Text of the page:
How's it goin? I hope well. Listen here, given that the market has morphed into a Buffett owned Burlington Northern Santa Fe speeding locomotive, valuations on stocks have become less tastier than three months ago. So in doing your relative analytical comparisons by sector and by stocks, there is a strong possibility that the majority of the homework involves looking at overvalued investment candidates simply because the broader market has lifted the seas.
"What to do? What to do?" You wonder in order to find that not so cheap security amidst a crop of priced-for-perfection veggies.
I'll tell you my course of action: begin to evaluate the executives at the top pulling in a $500,000 annual salary and all sorts of perks hidden in the proxy statement.
"But, Soz, I always do that research," you say.
No you don't. Reviewing the executive team isn't even a bullet point on your to-do list as there is an infatuation with historical numbers and Elliot Wave Theory. Hey, maybe I am completely off base, and you, in fact, do deep research dives on the C-suite... by using the same tired nonsense spewed in 120 year old investment books. Let me provide a reality check on the topic:
- Reviewing earnings from 2001 to 2012 on a company, assuming naturally the CEO and the rest of the team have been around for the period, borders on a monumental waste of time. The market lives in the now, and circumstances from 2Q04, whether company specific or macro, I guarantee are vastly opposite of 1Q13. Remember, there are new stories to be considered in the market on a weekly basis that go lost inside an outdated SEC filing.
- How an executive acted in the past may mean nothing on how they act in the future... seeing as the year-end bonus is higher thanks to prior period performance. Motives change along with the payout and if you don't believe they do, think again.
Note: One of the few exceptions to this reality check is Stanley Black & Decker (SWK). The company's executive team has been in place for a while and executes consistently in terms of acquisition analysis, integrations and cash allocation. This is a team with a blueprint for success and rarely deviates from it.
How I am evaluating management these days is detailed below. Running down this list in your head when undertaking research efforts is very important, especially in this new world of re-inflated asset valuations.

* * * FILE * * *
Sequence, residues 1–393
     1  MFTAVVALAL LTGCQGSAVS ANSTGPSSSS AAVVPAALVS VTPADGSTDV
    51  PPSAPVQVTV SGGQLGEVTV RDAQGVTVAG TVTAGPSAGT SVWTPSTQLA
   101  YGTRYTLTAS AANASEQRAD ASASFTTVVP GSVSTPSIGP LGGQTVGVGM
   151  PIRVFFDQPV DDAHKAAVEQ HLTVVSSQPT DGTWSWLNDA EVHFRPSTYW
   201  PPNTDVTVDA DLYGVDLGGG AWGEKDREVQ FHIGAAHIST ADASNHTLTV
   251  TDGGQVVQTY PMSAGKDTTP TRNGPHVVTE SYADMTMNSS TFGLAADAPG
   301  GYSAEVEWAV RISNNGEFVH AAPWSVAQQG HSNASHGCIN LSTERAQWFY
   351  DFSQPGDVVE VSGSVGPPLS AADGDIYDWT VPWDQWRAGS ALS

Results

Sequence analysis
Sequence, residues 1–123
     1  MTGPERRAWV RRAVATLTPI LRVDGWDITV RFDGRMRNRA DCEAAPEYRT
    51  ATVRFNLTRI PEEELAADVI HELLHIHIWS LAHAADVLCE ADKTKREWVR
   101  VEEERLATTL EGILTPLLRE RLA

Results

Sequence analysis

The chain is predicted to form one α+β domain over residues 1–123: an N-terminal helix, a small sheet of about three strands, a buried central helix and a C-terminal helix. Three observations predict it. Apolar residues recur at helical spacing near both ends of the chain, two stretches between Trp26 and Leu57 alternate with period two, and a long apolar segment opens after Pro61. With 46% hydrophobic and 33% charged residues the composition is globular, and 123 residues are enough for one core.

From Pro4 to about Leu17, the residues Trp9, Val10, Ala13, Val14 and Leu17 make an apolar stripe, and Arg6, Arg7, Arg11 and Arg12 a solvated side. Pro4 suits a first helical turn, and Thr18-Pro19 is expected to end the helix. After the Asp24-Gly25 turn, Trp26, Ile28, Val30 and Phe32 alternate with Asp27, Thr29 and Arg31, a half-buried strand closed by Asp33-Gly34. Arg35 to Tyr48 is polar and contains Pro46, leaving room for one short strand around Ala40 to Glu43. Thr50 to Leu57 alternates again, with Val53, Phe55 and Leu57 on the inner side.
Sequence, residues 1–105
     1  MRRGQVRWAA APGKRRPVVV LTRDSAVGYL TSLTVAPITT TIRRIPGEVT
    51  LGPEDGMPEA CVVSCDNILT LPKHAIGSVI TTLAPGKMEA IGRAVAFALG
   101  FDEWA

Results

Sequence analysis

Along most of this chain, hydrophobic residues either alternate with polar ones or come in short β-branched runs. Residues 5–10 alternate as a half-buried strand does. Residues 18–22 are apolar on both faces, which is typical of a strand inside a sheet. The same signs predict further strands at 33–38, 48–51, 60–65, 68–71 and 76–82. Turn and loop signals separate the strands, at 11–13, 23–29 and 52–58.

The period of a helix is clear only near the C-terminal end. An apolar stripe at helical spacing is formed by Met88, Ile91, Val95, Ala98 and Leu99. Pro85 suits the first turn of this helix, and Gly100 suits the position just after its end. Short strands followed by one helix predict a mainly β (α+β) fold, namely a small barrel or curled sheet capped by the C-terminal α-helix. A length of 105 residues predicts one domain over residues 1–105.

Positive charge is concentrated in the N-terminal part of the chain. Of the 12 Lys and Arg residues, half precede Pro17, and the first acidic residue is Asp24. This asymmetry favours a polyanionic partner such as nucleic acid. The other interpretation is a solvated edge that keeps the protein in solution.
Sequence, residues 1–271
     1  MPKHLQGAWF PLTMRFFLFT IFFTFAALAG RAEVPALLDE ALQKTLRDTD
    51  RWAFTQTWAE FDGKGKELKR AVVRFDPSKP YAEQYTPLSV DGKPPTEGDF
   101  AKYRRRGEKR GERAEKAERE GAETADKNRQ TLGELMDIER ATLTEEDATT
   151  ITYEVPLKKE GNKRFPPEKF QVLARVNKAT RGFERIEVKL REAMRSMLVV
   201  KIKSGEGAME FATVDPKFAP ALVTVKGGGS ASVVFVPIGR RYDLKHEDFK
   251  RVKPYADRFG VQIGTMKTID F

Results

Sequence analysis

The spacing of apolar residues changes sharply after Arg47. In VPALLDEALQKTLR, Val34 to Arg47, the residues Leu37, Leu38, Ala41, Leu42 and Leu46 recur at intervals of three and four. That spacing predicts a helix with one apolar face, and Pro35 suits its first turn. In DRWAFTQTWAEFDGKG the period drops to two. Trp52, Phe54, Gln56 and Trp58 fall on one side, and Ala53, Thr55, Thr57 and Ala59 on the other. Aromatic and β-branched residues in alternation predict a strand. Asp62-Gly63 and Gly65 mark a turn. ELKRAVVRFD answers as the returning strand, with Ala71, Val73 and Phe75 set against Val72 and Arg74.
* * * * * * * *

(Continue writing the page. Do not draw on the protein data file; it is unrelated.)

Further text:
Did the company save the dividend hike to after the fiscal cliff resolution instead of pulling it into December to save shareholders an increased tax bill?
I view this delayed announcement favorably as it signals a generally pleased shareholder base, either due to a solid financial/stock price showing in 2012 or well defined growth initiatives, or both.
Of the companies in your peer comparable matrix, who has outlined the largest percentage change in 2013 compared to 2012 in capital expenditures?
Although this may weigh on earnings power and free cash flow in the near-term (great example: Nordstrom (JWN), which is reinventing luxury department store retailing through a significantly stepped up investment pace in 2013), it will prove beneficial come 2014 as the tardy investing companies (who are collectively worried about "uncertainty") realize they fell behind in the race to win. Nordstrom's earnings stand to accelerate in 2014, whereas competitors that didn't get it in 2012 will make that year an investment year.
Which company has loaded a bunch of products/serves designed to drive sales/profits into the first part of 2013, complimenting wins in 2012?
I want exposure to companies that have hit the ground hard in 2013 amid higher household net worth and indications of animal spirits in the U.S. economy.
PetSmart (PETM) fits the bill. The stock should be on one's watch list, there was an overreaction by the market to the latest earnings report. From my vantage point, Petsmart has loads of new high margin products about to arrive for consumers to enjoy, in addition to initiatives underway to extract efficiencies from operations and inventory.